McDonald v. Kellogg Co.
|740 F.Supp.2d 1220
|16 September 2010
|Case No. 08-2473-JWL
|Joseph L. McDONALD, Mavis A. McDonald and Lyndon Ellis, Plaintiffs, v. KELLOGG COMPANY, Defendant.
|United States District Courts. 10th Circuit. United States District Courts. 10th Circuit. District of Kansas
Heather M. Lake, Michael F. Brady, Brady & Associates Law Office, Michael A. Hodgson, Brady Law Firm, Overland Park, KS, for Plaintiffs.
Christina T. Tellado, James N. Boudreau, Greenberg Traurig LLP, Philadelphia, PA, Erin A. Webber, Littler Mendelson, P.C., Kansas City, MO, for Defendant.
Plaintiffs, individually and on behalf of others similarly situated, filed this wage and hour suit against defendant alleging violations of the overtime provisions of the Fair Labor Standards Act (FLSA), 29 U.S.C. § 201 et seq. Specifically, plaintiffs, all current or former hourly production employees at defendant's bakery facility in Kansas City, Kansas, allege that defendant failed to compensate them for time spent performing activities such as donning and doffing required uniforms and gear; gathering required materials, tools and equipment; and post-donning and pre-doffing walking to and from work stations. The parties stipulated to conditional certification and notice to the putative collective class and further agreed to a bifurcated discovery process limiting the first stage of discovery to issues relating to defendant's contention that an application of section 203( o ) of the FLSA mandates summary judgment in favor of defendant on all claims. The first phase of discovery has now closed and the parties have now filed cross-motions for summary judgment regarding the application of section 203( o ).1 As will be explained, both motions are granted in part and denied in part.
Since 2001, defendant Kellogg Company has owned and operated a bakery facility in Kansas City, Kansas. Prior to that time, the facility was owned and operated by the Keebler Company. At all times pertinent to this lawsuit, hourly production employees at the bakery facility have been represented by Local 184-L Retail, Wholesale & Department Store Union. Named plaintiffs Joseph McDonald, Mavis McDonald and Lyndon Ellis are all hourly production employees at the bakery facility in Kansas City, Kansas.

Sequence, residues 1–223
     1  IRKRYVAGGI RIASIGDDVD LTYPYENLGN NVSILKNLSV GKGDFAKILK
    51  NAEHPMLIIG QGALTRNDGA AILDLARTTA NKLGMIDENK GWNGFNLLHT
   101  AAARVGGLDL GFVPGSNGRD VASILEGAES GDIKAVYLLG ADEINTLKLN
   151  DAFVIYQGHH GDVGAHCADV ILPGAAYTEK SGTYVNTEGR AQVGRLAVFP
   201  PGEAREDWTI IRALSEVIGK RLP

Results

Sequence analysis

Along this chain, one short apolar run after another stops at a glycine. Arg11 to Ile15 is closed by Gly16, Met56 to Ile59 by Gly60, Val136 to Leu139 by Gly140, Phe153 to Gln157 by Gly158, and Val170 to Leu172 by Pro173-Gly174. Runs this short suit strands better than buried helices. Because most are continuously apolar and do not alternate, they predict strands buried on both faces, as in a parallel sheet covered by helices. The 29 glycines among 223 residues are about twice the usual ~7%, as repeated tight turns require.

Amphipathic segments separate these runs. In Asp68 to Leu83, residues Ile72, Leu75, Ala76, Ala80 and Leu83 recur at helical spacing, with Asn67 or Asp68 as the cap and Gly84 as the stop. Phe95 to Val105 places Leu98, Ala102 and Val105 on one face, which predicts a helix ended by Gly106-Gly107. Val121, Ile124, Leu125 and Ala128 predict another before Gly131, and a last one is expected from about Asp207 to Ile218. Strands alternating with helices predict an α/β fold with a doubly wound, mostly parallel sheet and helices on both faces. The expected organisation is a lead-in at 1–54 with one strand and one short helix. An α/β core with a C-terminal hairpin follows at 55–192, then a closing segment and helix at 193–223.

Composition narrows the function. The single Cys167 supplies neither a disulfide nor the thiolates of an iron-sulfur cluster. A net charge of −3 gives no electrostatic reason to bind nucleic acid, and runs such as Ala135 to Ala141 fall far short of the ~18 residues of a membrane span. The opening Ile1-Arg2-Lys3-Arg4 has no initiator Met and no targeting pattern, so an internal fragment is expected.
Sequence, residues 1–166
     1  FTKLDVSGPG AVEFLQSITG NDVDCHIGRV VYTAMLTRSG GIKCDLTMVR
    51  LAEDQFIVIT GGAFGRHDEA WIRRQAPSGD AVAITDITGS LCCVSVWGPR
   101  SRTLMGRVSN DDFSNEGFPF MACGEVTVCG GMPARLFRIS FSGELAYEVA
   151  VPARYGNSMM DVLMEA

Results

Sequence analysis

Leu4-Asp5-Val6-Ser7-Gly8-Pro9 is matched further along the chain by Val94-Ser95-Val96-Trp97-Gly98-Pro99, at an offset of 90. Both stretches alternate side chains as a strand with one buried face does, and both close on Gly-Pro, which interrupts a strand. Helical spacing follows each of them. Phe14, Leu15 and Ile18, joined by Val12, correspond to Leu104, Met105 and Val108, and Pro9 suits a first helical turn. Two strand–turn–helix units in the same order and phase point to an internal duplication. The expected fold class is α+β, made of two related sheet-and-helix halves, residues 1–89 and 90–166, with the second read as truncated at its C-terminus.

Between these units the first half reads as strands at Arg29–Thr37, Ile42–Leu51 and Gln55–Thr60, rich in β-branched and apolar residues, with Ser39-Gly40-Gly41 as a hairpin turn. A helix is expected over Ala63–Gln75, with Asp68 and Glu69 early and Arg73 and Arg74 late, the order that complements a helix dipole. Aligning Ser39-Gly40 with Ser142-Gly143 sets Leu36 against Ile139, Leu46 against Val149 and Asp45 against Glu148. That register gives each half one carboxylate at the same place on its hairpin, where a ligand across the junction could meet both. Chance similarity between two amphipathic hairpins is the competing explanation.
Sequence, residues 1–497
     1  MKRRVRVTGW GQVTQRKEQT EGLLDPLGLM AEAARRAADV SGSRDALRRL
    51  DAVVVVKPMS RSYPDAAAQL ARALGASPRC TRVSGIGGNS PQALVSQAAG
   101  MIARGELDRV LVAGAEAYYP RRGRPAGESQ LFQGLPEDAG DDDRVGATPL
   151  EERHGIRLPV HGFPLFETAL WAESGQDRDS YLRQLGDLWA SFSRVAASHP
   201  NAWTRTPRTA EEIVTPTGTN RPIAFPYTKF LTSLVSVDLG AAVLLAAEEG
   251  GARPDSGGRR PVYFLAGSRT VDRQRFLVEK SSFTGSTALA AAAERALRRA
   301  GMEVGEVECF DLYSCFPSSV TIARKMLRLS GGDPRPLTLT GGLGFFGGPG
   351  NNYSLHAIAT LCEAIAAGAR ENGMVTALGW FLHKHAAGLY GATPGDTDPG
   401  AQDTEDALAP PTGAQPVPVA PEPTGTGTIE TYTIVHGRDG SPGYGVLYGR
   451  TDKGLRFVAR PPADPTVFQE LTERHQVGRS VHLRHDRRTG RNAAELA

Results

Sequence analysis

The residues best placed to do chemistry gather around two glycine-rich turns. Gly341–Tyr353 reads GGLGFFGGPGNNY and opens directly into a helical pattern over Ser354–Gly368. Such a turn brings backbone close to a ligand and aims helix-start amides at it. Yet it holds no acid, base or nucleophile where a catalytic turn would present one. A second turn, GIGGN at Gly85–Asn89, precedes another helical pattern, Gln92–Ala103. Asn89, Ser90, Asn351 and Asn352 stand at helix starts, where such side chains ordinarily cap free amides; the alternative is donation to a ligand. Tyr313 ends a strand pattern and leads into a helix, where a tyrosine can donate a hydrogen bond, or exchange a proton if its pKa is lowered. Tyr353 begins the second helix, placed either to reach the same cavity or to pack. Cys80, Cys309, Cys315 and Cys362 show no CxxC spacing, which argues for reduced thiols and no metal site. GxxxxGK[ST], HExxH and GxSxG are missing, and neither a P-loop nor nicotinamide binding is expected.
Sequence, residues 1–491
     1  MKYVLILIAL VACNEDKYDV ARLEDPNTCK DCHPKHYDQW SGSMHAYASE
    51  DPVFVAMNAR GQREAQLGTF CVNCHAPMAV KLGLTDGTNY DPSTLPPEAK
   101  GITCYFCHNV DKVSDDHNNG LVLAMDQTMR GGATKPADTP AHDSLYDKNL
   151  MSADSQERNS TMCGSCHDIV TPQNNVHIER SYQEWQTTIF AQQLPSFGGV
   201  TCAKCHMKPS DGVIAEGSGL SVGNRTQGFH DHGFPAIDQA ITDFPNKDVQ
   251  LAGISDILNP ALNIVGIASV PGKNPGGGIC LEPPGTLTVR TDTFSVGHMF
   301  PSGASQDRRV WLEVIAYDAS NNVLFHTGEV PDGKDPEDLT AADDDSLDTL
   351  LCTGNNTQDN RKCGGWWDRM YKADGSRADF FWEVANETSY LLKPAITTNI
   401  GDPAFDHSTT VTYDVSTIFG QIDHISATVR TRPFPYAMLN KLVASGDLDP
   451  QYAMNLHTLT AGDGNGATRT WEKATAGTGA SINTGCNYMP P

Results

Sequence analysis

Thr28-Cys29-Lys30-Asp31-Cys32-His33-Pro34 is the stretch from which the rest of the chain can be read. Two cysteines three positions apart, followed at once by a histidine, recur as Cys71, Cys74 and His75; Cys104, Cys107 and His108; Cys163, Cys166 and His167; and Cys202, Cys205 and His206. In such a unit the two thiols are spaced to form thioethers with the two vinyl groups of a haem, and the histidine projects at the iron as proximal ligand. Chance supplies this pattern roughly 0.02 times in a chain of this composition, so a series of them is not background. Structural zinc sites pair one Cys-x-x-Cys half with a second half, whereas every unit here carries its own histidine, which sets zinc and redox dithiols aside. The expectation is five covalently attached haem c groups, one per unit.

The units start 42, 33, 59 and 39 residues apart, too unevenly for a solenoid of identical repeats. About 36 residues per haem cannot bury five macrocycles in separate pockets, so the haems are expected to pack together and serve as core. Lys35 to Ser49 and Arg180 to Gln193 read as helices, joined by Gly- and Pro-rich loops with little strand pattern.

Hourly production employees at the facility work in one of five departments—Bake Shop, Production, Sanitation, Maintenance or Shipping and Receiving. Regardless of the department in which an employee works, all employees are requiredto wear a company-issued uniform consisting of a shirt, pants and shoes. Based on personal preferences, an employee may choose to wear a smock or jacket for added warmth. An employee is permitted to change into his or her uniform at home prior to coming to the facility or may utilize company locker rooms to change into his or her uniform prior to the start of his or her shift. The vast majority of employees change into their uniforms in the locker rooms at the facility, where Kellogg maintains clean uniforms for its employees in each employee's locker.
In addition to the company-issued uniform, all hourly production employees are required to wear certain company-issued accessories, including hair nets, ear plugs and safety glasses. If applicable, employees are also required to wear beard guards. Hair nets, ear plugs and beard guards are maintained in dispensers just outside the locker rooms and just outside work areas so that employees typically obtain these items after leaving the locker room while walking to their work areas. For those employees who change into their uniforms at the facility, safety glasses are maintained in the employees' lockers such that glasses, in addition to the uniform, are donned in the locker room prior to the start of the employees' shifts.